Built shortly after the Great Fire of 1866, the large multi-family dwelling is Greek Revival in style. According to Landmarks records, it is the Captain A Merrill & Ai J Fickett House. It was occupied by the Fickett family for many years. Ai J Fickett was a carpenter, and the likely builder of the house. Fickett lived with his two daughters, Ella and Mabel. The daughters ran a fancy goods store out of a portion of the dwelling. Mabel died in 1884 at 25 years old. Her sister continued to operate the store for a few more years.
In the 1920s, Mrs. Hattie Besse of 63 St. Lawrence was the publisher of Whitney’s Pocket Guide to Portland (copies of this travel guide can be found at Osher Map Library)
63-69 St. Lawrence Street 1924
140 Congress Street
Built around 1858 and located directly next to the Observatory, the Ellen Moody York House is a modest one-and-a-half-story home. Largely vernacular in style, it boasts hints of Gothic and Greek Revival influences with features such as tripartite windows, slightly curving trim, and rounded molding. Seen from the Observatory's seventh-story viewing deck, the house has a rear ell with gabled windows facing down Munjoy Hill towards Casco Bay. Since 1924, 140 Congress Street has been altered by the church addition.
The Ellen Moody York House at 140 Congress Street is located on land long-owned by members of the Moody family. Born in Portland in 1837, Ellen Moody was the granddaughter of Lemuel Moody, who built the Observatory in 1807. She married John W. York and had several children, the oldest of which, Edward Howard York, gave the Observatory to the city of Portland in the late 1920s.
140 Congress Street - 1924
46 Lafayette Street
46 Lafayette Street, The William Jones House c.1850 In 1850 William J Jones purchased land from Harriet Peterson on Lafayette Street. US Census records indicate William was born in the Danish West Indies and came to the US through Canada. He became a naturalized citizen in 1892. His widow Mary [Elizabeth] remained in the house at 46 Lafayette street after his death. She lived in the dwelling with two of their three sons, Alfred, Edward and Abraham. William J Jones worked variously as a mariner (1850-1869), a cook (1875), a wood and coal dealer (1885-1888), and a laborer (1880, 1890-1891). In 1899 Mary deeded the house to Abraham and two lots at 44 and 46 Lafayette Street.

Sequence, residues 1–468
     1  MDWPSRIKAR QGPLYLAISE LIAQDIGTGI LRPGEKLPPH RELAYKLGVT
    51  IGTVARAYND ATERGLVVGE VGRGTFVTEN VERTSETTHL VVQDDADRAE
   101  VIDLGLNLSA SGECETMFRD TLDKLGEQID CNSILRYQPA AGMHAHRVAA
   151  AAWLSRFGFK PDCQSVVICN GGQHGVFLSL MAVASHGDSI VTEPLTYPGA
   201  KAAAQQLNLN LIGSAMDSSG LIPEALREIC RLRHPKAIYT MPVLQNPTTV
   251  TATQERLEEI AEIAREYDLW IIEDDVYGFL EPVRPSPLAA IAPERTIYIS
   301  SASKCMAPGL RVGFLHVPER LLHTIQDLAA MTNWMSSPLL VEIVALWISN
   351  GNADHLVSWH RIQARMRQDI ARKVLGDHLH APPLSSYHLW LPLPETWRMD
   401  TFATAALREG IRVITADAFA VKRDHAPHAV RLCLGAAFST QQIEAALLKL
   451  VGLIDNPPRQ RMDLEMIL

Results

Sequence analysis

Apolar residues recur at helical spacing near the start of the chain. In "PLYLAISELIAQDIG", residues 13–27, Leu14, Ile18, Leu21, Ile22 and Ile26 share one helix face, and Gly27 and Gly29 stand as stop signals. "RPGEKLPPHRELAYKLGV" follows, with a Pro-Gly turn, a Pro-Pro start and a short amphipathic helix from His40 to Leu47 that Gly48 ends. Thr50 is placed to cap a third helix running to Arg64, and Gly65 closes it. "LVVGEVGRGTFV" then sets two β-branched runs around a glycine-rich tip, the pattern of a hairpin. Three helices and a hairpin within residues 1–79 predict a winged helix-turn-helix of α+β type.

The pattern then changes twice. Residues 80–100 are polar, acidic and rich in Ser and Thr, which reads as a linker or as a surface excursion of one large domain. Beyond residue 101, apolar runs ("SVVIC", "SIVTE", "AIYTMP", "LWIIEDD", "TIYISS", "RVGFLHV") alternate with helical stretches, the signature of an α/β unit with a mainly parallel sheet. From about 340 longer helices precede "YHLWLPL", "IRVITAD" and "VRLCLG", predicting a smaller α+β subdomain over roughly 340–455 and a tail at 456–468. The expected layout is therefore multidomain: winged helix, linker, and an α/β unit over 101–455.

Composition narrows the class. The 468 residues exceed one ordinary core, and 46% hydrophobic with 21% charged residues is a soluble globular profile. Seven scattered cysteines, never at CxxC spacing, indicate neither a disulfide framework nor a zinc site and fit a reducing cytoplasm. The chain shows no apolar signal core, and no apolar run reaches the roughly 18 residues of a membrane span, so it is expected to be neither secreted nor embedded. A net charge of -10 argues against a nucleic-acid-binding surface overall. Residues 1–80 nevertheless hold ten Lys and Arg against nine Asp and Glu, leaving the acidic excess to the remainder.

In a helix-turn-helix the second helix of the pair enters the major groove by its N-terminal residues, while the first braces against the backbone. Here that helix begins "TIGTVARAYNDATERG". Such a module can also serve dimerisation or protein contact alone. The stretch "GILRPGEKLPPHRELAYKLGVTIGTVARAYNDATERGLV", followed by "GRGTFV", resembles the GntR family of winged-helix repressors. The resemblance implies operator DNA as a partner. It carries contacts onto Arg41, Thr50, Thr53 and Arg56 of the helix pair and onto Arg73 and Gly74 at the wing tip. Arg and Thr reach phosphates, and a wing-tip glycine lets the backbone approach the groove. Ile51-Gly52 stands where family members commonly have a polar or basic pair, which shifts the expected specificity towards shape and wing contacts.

In 1922 the dwellings were purchased by George Simms. His family had been living in the dwellings since 1916 according to street directories. George was a clergyman who was born in Washington DC. He lived in the dwelling at 46 Lafayette with his wife Lila, a native of South Carolina, and four their children.
46 Lafayette Street 1924
48 Lafayette Street
c.1850, original occupant, unknown, a later owner was David Augustus Dickson (1887-1979) who came to the United States from Kingston, Jamaica, British West Indies in 1911 and became a naturalized citizen in 1916. His wife, Mary Daly (1890-1981), came to US in 1914. The couple lived on Lafayette Street for several years before purchasing the home at 48 Lafayette Street in 1927 from Cressey & Allen, David’s employers.
David worked as a shipper (1930), porter (1940) and janitor at Cressey & Allen’s retail music store on Congress Street for many years. He later worked as an elevator operator and janitor at Porteous, Mitchell and Braun Department Store (1941-1943) and as a janitor at Associated Hospital Service of Maine (1950s). Mary worked as a maid and seamstress. In 1950 she was named Maine State Mother of the Year.
The Dicksons raised five children. While David and Mary only attained an eighth grade education, all of their children went onto higher education. The four eldest, Leon, Audley, David, and Frederick, graduated from Bowdoin College. Leon, Audley and Frederick became medical doctors. Leon graduated from Howard Medical School, Audley graduated from Columbia University School of Optometry, and Frederick became a surgeon after attending the University of Rochester Medical School, but died young in 1957 at age 35. Their brother David received his master’s and doctoral degrees from Harvard, served in World War II, and went onto spend 40 years in academia as a teacher and university president.